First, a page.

Monday, January 21, 2013

Why Income Inequality Matters; The Toxicity of Debt

Paul Krugman and Joseph Stiglitz are having a bit of a disagreement.  Joseph is citing income inequalities as holding back our recovery. Paul disagrees. He wants to agree and thinks he makes some good points but cant jump on board totally.  Paul cites some graphs of savings rates in his NYT column  and suggests that there is little evidence that the rich are underconsuming.

I dont think the underconsumption is from the rich. Its from the non rich who are losing incomes TO the rich.  I think Paul is making the wrong assumption about where the underconsumption is coming from. He seems to think that distribution doesnt matter much. As long as total income to the economy is the same demand will be the same. I think he's mistaken. I think he's mistaken because he dismisses the toxicity of debt

Let me offer an analogy to our economy using something I understand well, our cardiovascular system.

Lets think of the flow of money like the flow of blood through our body. Acid, a normal byproduct of cellular function is like debt. Healthy cells are getting the blood they need and are able to get their waste products, acid, removed.  But a cell that is either demanding too much or is in an area that is under perfused, runs the risk of accumulating acids to the point of toxicity and cellular death.

We have about 6 liters of blood in our body and it gets pumped around at  anywhere between 3 liters minute to 15 liters a minute.  There is a natural hierarchy of perfusion within the body.  The brain, and kidneys alone receive over half of our cardiac output in normal conditions. So while at any given time over half the blood in our bodies is going through brain and kidneys, the rest of the bodies needs must be maintained or their debt (acid) will build up and not just kill that tissue but the whole body.  In times when the heart is either incapable to meet the needs (failure) or the needs of the tissue are just too great (infection or vigorous exercise) acids build up.  As long as inflows are met, acid wont reach toxic levels but if not sickness or death is imminent.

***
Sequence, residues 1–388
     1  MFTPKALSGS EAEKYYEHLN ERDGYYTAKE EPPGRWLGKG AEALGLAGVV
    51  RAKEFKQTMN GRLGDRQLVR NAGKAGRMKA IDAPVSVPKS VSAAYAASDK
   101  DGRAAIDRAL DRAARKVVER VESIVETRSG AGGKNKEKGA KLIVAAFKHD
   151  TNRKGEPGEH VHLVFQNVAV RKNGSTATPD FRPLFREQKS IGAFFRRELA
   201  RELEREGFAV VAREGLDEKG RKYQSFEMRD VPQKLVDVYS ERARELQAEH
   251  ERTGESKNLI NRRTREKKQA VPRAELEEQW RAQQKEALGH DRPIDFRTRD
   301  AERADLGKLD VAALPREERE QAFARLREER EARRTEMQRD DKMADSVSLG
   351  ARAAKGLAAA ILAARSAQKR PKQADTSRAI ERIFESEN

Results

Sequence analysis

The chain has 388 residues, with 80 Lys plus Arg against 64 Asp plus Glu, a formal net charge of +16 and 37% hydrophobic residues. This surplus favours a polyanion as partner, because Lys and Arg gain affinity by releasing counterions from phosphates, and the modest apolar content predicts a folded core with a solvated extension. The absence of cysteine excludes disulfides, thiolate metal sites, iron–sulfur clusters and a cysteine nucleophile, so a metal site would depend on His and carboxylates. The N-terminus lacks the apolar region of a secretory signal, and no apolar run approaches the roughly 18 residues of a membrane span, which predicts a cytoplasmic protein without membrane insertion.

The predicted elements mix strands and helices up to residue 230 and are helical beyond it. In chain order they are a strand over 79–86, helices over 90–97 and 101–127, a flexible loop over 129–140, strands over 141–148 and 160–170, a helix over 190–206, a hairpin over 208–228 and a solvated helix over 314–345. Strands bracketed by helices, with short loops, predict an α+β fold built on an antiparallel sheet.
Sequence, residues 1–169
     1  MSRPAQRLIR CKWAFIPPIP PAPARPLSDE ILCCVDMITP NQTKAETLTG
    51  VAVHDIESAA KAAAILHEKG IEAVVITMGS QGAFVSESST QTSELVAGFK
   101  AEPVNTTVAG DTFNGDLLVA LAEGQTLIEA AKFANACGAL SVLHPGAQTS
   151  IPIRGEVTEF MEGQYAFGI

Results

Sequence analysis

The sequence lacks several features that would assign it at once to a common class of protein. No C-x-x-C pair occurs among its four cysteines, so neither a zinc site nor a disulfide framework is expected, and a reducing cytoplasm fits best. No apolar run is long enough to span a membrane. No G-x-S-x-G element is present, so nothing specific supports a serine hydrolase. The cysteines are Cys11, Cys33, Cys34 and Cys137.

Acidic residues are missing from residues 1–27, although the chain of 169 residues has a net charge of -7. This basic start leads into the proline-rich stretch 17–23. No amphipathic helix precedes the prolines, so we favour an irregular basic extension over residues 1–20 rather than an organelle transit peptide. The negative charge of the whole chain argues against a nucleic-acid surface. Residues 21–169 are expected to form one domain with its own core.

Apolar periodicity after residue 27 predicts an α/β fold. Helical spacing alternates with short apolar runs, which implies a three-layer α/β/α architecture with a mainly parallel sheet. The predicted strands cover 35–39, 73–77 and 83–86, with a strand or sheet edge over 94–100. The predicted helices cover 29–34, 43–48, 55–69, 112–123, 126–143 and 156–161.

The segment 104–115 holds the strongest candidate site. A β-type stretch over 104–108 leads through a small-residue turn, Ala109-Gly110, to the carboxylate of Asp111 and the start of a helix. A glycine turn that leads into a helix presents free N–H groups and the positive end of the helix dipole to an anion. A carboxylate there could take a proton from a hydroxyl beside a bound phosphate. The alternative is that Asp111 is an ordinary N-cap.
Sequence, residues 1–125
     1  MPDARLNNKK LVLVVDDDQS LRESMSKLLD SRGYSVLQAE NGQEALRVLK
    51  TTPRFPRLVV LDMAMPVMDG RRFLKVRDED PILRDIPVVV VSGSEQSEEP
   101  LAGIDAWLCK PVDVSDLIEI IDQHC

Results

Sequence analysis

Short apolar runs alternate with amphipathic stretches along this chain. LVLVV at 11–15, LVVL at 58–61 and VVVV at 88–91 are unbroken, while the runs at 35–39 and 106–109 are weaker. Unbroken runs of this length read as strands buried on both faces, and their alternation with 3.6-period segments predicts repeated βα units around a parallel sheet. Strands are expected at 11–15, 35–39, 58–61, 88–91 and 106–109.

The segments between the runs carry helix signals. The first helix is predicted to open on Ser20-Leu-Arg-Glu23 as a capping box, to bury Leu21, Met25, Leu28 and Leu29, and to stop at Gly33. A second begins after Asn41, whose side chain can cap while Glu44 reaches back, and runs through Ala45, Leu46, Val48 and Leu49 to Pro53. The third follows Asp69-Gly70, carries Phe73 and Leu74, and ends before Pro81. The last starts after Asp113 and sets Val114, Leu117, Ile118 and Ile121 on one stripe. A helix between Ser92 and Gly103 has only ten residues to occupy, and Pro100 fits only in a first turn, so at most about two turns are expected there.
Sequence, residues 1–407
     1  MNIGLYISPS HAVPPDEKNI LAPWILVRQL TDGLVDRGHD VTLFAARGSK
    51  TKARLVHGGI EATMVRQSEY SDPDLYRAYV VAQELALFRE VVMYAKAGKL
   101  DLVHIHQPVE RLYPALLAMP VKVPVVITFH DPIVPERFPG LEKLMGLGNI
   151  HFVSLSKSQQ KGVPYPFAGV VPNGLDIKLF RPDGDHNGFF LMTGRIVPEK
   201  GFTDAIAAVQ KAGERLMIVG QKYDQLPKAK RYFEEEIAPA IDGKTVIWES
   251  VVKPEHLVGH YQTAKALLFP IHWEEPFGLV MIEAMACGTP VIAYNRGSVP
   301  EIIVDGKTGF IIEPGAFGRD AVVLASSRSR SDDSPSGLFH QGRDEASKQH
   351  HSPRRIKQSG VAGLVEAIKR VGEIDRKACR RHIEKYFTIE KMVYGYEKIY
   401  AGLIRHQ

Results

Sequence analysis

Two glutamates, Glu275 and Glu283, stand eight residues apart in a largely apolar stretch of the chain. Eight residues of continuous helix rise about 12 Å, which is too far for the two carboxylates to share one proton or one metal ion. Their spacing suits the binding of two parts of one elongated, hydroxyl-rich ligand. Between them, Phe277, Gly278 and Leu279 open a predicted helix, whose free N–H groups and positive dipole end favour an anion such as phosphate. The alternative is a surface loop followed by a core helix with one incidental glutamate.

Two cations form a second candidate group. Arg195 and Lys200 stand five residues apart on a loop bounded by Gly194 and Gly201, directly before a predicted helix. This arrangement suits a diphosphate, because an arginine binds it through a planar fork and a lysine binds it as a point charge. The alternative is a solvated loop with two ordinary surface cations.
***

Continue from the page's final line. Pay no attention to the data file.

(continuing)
Incomes are what keeps consumers healthy. Debts are a normal part of our modern capitalist system as well and as long as the flow of incomes meets debt service their is no problem.  But we want growth, and our banks encourage growth by taking on more debt. They want more people taking on more debt. These debts must be cleared or they will reach toxic levels and freeze the system.  They freeze it in two ways 1) They stop getting paid or 2) They are the ONLY thing getting paid.  As I said earlier, incomes are what keep consumers healthy and even if total incomes stay close to the same, if that total is only being distributed between 30% less of the consumer force, their debts become toxic and affect the whole system. Banks fail and businesses lose customers.

When 30%, I imagine its even more than this now, of your potential consumer base is only getting enough income to barely service old debts, these debts hurt everyone. They become a systemic problem not just a personal problem. The rest of the people cannot nor will not increase their debt levels enough to offset this reduction.

Distribution of flows matter.  There are healthy distributions and un healthy distributions


  1. Greg, except for a loose debt connection this is off topic, but.. I was reading a Winterspeak post from last year, and there was some excellent discussion on money and debt, horizontalism and the private sector etc and your comment
    raised some very interesting points.
    I by no means have all the issues around what you raised there resolved, but I am working on addressing some of your points here Towards a Pure State Theory of Money I thought you may find it interesting and/or provide good insight on it.

  2. Hi Clint

    Thanks for coming by. I checked out your site, read the above article and thought it was really good.

    Very thought provoking.

    1. Thanks! I am trying to go over some of these themes again now that I have some time